nubbsgalore:

photos by gerry ellis from the david sheldrick wildlife trust, a nursery and orphanage for elephants in kenya’s tsavo east national park. here, fifty five keepers are charged with being around the clock parents to an elephant. the elephants, however, are the ones who chose their caretakers; it is the keepers who must ingratiate themselves to the elephants and earn their trust.
when elephants first arrive at the orphanage they are often traumatized from having witnessed the slaughter of their mothers and family by poachers. grieving can last several months, and they often lose the will to live. but as dame daphne sheldrick, founder of the orphanage, explains, a caretaker is charged with “persuading an elephant to live when it wants to die.”
approximately 35,000 elephants are killed by humans every year. with an estimated 350,000 elephants left in the whole continent of africa, they will be gone in the wild within ten years. 
cbc’s the nature of things did a program on the elephants and their caretakers. you can foster an elephant with the david sheldrick wildlife trust online here. for more on the emotional lives of elephants, as well as the david sheldrick wildlife trust and other human efforts to save them, check out these posts
nubbsgalore:

photos by gerry ellis from the david sheldrick wildlife trust, a nursery and orphanage for elephants in kenya’s tsavo east national park. here, fifty five keepers are charged with being around the clock parents to an elephant. the elephants, however, are the ones who chose their caretakers; it is the keepers who must ingratiate themselves to the elephants and earn their trust.
when elephants first arrive at the orphanage they are often traumatized from having witnessed the slaughter of their mothers and family by poachers. grieving can last several months, and they often lose the will to live. but as dame daphne sheldrick, founder of the orphanage, explains, a caretaker is charged with “persuading an elephant to live when it wants to die.”
approximately 35,000 elephants are killed by humans every year. with an estimated 350,000 elephants left in the whole continent of africa, they will be gone in the wild within ten years. 
cbc’s the nature of things did a program on the elephants and their caretakers. you can foster an elephant with the david sheldrick wildlife trust online here. for more on the emotional lives of elephants, as well as the david sheldrick wildlife trust and other human efforts to save them, check out these posts
nubbsgalore:

photos by gerry ellis from the david sheldrick wildlife trust, a nursery and orphanage for elephants in kenya’s tsavo east national park. here, fifty five keepers are charged with being around the clock parents to an elephant. the elephants, however, are the ones who chose their caretakers; it is the keepers who must ingratiate themselves to the elephants and earn their trust.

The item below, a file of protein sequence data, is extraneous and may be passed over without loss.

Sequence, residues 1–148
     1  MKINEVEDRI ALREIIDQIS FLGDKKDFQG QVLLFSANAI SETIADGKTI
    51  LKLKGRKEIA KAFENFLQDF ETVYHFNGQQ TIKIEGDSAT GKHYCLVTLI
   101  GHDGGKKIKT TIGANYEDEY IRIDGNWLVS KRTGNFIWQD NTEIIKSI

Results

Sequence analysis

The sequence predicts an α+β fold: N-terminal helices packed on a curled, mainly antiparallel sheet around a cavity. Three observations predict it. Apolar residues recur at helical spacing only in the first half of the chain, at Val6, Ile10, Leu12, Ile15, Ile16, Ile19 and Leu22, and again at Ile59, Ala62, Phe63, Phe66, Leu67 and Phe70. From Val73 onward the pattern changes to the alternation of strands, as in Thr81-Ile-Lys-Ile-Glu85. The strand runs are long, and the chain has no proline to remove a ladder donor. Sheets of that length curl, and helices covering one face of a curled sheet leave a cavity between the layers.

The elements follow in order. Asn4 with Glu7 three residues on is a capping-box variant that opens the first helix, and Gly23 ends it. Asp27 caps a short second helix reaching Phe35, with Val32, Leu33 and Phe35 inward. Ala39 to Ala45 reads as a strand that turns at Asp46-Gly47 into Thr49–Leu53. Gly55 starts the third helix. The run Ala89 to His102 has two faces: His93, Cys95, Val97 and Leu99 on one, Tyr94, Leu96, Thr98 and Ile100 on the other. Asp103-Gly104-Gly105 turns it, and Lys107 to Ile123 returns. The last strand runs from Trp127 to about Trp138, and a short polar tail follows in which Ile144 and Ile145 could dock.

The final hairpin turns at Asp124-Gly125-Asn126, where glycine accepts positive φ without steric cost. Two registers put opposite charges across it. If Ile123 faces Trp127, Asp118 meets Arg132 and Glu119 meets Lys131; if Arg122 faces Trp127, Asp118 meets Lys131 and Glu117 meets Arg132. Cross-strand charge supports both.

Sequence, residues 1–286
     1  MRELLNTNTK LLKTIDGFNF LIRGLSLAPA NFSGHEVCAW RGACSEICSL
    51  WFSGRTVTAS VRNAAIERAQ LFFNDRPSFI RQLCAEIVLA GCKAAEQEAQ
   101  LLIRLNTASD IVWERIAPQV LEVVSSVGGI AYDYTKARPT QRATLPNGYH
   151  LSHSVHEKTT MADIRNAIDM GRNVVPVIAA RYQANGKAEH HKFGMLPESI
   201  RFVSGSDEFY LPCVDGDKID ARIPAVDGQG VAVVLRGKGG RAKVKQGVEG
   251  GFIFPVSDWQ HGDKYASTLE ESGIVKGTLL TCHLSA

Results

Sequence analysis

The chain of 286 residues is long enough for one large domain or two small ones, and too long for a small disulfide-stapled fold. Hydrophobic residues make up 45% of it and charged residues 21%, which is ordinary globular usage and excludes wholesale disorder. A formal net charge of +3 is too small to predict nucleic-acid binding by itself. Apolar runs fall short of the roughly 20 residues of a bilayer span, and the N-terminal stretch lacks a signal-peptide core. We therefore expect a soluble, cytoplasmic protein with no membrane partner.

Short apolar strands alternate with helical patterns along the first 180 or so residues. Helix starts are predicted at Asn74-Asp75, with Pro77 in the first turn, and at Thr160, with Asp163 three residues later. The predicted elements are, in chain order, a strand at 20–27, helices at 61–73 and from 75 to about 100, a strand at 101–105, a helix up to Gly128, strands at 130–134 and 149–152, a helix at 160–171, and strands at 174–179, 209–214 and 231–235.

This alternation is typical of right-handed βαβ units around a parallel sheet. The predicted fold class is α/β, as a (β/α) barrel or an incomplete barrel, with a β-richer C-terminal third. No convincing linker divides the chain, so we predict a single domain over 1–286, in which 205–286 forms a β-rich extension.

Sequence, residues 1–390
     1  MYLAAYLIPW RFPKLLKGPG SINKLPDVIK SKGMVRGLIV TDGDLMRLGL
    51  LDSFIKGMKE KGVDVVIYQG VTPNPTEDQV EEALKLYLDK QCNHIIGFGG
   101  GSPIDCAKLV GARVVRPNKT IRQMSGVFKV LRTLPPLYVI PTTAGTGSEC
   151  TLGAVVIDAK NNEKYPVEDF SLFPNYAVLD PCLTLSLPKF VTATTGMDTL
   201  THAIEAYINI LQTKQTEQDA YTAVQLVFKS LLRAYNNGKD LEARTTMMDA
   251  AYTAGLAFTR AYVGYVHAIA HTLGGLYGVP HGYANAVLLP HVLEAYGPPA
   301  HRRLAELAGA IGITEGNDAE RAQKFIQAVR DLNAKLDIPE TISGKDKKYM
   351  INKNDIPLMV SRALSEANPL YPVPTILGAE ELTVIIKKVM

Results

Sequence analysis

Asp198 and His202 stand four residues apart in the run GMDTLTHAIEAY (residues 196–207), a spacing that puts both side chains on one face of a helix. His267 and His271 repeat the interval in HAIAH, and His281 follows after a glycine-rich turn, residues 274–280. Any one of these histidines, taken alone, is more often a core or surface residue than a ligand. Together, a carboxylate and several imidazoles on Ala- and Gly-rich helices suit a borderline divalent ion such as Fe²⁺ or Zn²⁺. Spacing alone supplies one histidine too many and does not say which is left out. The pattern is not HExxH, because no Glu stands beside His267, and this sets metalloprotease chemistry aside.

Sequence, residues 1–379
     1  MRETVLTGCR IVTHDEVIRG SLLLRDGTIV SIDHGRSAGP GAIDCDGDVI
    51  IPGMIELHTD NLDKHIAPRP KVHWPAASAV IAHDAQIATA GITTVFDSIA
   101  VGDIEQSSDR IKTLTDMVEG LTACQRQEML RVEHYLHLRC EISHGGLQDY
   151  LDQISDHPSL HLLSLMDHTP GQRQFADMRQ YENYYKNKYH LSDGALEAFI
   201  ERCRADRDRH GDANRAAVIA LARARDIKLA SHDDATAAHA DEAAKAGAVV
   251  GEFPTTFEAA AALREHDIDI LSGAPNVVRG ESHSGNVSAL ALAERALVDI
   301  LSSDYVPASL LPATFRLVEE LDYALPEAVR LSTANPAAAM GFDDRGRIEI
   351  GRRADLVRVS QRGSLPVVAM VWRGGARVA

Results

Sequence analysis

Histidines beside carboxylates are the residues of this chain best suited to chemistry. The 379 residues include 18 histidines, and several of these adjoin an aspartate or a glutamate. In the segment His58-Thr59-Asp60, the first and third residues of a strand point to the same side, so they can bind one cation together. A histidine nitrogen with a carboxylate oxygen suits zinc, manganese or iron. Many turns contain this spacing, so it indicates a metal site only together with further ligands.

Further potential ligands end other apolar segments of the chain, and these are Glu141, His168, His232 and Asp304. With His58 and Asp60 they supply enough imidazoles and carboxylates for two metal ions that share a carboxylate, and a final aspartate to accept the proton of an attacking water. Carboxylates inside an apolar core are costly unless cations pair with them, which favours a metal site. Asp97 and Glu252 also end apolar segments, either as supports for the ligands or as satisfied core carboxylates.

when elephants first arrive at the orphanage they are often traumatized from having witnessed the slaughter of their mothers and family by poachers. grieving can last several months, and they often lose the will to live. but as dame daphne sheldrick, founder of the orphanage, explains, a caretaker is charged with “persuading an elephant to live when it wants to die.”
approximately 35,000 elephants are killed by humans every year. with an estimated 350,000 elephants left in the whole continent of africa, they will be gone in the wild within ten years. 
cbc’s the nature of things did a program on the elephants and their caretakers. you can foster an elephant with the david sheldrick wildlife trust online here. for more on the emotional lives of elephants, as well as the david sheldrick wildlife trust and other human efforts to save them, check out these posts
nubbsgalore:

photos by gerry ellis from the david sheldrick wildlife trust, a nursery and orphanage for elephants in kenya’s tsavo east national park. here, fifty five keepers are charged with being around the clock parents to an elephant. the elephants, however, are the ones who chose their caretakers; it is the keepers who must ingratiate themselves to the elephants and earn their trust.
when elephants first arrive at the orphanage they are often traumatized from having witnessed the slaughter of their mothers and family by poachers. grieving can last several months, and they often lose the will to live. but as dame daphne sheldrick, founder of the orphanage, explains, a caretaker is charged with “persuading an elephant to live when it wants to die.”
approximately 35,000 elephants are killed by humans every year. with an estimated 350,000 elephants left in the whole continent of africa, they will be gone in the wild within ten years. 
cbc’s the nature of things did a program on the elephants and their caretakers. you can foster an elephant with the david sheldrick wildlife trust online here. for more on the emotional lives of elephants, as well as the david sheldrick wildlife trust and other human efforts to save them, check out these posts
nubbsgalore:

photos by gerry ellis from the david sheldrick wildlife trust, a nursery and orphanage for elephants in kenya’s tsavo east national park. here, fifty five keepers are charged with being around the clock parents to an elephant. the elephants, however, are the ones who chose their caretakers; it is the keepers who must ingratiate themselves to the elephants and earn their trust.
when elephants first arrive at the orphanage they are often traumatized from having witnessed the slaughter of their mothers and family by poachers. grieving can last several months, and they often lose the will to live. but as dame daphne sheldrick, founder of the orphanage, explains, a caretaker is charged with “persuading an elephant to live when it wants to die.”